The Vision of the State of Israel
At present, it is impossible to arbitrarily restore the tribe of Levi to the role of educators. Also, the commandment to set aside terumot and ma’asrot is still a rabbinic enactment, and terumot cannot be used because of tumah (impurity). In regards to the Levitical ma’aser, there are differing opinions, due to the issue of clarifying the ancestry of the Levites. And in any event, in our modern economy, agriculture accounts for only about three percent of the GDP.
All the same, it seems it would be fitting to regulate that a tenth of the gross domestic product (GPD) be assigned to Torah and education, in its broad sense. It could be called ‘a tithe for Torah’, a worthy substitute for terumot and ma’asrot which were given to the Kohanim and Levites. Women’s Torah study should be included in this as well, as I briefly wrote in my previous article, and their teachers’ training and work in Torah and education should be funded from this ‘sacred tithe’.
Today’s Reality
Today, when our economic situation is immeasurably better than it was during the First Temple period, the national expenditure for the entire educational system in the State of Israel is about 8.4% of the GDP (of which about 80% comes from the state budget, and 20% from tuition fees and donations), while a significant portion of this expenditure is not related to Torah education, derech eretz (manners), and good deeds.
Consequently, even if all the children of Israel studied in the state-religious educational system, in religious high schools, in yeshivas, seminaries, and institutions of higher Torah education, the State of Israel would still not have fulfilled the vision of Torah, devoting much less than ten percent to Torah and education.
Let’s consider the disciplines suitable to be included, in accordance with the Torah, in the ten percent dedicated to Torah and education, and discover the enormous tidings which can grow from endorsement of this principle.
Funding for Primary and Secondary Education
The current educational budget includes the various secular subjects. Apparently, a number of the secular studies deserve to be included within the framework of the ‘sacred tithe’. For example, Hebrew and history, and even arithmetic and the foundations of the sciences, for we find that even in the Talmud scientific facts are included, since basic education is necessary to understand Torah. Nevertheless, advanced studies intended for professional careers and economic development should not be included in the ‘sacred tithe’.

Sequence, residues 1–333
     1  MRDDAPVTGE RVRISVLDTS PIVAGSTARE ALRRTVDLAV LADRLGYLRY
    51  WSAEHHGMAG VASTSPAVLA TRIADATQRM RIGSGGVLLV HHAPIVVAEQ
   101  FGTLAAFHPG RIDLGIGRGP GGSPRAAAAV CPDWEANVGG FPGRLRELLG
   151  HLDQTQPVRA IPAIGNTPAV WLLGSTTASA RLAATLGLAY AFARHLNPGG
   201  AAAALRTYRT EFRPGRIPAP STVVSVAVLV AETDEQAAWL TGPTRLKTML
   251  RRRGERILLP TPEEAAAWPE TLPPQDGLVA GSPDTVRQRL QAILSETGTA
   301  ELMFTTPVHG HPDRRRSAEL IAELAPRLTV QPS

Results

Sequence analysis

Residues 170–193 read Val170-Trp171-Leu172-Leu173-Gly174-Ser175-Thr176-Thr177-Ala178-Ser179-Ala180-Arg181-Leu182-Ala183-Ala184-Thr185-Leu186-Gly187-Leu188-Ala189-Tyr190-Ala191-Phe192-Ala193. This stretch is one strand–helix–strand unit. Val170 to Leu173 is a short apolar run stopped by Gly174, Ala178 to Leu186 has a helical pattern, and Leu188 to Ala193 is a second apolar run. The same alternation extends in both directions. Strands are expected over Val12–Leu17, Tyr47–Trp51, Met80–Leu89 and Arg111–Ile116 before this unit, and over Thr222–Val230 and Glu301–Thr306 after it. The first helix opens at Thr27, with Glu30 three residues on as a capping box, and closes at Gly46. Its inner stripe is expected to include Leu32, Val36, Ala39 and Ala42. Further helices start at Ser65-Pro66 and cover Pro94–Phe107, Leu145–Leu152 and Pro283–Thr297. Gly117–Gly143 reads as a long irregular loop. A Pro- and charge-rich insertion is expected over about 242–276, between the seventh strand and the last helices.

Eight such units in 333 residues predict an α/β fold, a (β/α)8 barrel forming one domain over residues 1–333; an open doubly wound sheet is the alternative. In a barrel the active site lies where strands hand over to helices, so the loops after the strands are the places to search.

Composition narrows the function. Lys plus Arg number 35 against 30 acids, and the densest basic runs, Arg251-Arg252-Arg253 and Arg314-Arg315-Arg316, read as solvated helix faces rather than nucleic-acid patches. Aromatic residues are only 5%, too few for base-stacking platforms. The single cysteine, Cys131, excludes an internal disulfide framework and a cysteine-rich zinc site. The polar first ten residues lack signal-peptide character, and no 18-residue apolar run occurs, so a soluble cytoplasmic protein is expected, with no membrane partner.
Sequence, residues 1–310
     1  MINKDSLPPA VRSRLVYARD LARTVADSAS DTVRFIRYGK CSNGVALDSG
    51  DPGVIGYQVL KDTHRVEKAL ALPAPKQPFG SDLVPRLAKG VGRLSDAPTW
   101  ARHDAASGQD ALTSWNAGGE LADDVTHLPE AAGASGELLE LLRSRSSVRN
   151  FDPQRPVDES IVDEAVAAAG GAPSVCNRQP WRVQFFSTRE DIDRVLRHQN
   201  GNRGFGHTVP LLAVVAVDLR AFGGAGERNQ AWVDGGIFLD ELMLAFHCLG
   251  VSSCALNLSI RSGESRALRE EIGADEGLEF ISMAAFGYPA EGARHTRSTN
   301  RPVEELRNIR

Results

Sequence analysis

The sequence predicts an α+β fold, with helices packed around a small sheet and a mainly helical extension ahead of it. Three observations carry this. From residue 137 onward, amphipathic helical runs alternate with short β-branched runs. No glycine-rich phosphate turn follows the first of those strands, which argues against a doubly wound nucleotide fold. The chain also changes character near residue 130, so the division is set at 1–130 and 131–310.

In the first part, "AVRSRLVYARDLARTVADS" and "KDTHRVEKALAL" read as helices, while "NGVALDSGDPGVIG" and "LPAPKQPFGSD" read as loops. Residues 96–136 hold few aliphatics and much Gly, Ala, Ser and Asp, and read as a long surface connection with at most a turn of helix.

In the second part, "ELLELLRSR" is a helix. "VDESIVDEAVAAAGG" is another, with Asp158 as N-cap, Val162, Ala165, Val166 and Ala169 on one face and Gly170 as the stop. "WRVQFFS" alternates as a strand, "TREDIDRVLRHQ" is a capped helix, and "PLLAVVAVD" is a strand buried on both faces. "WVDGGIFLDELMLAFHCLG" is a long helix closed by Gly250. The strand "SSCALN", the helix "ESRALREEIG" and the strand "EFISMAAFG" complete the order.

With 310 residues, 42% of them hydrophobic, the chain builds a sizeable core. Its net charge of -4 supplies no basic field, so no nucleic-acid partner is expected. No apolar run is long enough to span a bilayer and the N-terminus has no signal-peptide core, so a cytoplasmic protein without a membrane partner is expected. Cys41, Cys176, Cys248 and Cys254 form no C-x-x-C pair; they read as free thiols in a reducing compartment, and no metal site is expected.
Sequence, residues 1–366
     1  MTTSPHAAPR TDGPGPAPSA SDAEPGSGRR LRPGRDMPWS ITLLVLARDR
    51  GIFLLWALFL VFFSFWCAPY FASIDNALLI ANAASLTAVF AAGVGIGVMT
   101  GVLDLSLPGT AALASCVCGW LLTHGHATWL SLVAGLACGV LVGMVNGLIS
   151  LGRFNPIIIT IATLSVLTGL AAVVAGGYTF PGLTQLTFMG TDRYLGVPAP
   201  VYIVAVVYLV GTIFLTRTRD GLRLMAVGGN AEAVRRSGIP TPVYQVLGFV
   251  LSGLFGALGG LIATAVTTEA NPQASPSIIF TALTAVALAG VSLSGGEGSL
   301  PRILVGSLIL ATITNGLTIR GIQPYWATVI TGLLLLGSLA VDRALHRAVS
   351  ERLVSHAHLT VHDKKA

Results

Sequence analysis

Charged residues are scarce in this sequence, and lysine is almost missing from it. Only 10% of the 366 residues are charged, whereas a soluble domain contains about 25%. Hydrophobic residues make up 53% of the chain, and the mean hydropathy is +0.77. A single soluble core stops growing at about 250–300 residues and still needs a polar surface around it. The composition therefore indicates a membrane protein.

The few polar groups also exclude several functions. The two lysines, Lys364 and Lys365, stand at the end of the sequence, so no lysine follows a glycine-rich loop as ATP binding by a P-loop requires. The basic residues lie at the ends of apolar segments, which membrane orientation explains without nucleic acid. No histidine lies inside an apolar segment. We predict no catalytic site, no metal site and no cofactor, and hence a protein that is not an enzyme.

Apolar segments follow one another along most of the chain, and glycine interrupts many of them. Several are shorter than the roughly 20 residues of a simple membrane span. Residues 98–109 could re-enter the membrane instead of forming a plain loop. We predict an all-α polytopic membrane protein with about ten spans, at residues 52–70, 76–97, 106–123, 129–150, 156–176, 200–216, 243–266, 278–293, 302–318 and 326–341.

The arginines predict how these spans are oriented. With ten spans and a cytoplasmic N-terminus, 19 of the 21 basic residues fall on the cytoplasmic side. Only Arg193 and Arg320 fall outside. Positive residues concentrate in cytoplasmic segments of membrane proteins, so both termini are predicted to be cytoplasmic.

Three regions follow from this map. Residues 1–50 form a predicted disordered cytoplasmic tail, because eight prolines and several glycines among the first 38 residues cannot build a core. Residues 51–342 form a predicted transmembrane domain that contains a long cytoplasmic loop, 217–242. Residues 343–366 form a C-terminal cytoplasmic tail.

Academic Funding
Seemingly, all branches of learning connected to the humanities should be included in the field of Torah study funded by the tithe. True, in academic institutions today, these studies are not taught according to the path of the Torah, and often, in open confrontation with the values of Torah and sacred ideals. But in an ideal situation, all the fields of humanities, such as literature, philosophy, education, history, language, sociology, etc., are intended for tikkun olam  (perfecting the world) in the light of the Torah, and thus, should be funded from the same ‘sacred tithe’.
As far as other subjects taught in academia are concerned, although their importance is greatly appreciated and their contribution to the economy is immense, they are not included in the funding intended to preserve the idea of terumot and ma’asrot. Indeed, there is room for discussion in regards to the status of theoretical research – perhaps it could be included in the ‘sacred tithe’ – for the Torah and secular wisdom are interconnected, as the Gaon of Vilna said. Nevertheless, a distinction must be made between the sacred and the profane, or between the Holy of Holies, where the ark with the Torah was located in the Temple, and the holy, which housed the seven-branched menorah (lamp) alluding to the seven branches of secular wisdom, and the golden table for the Showbread, alluding to parnasa (livelihood).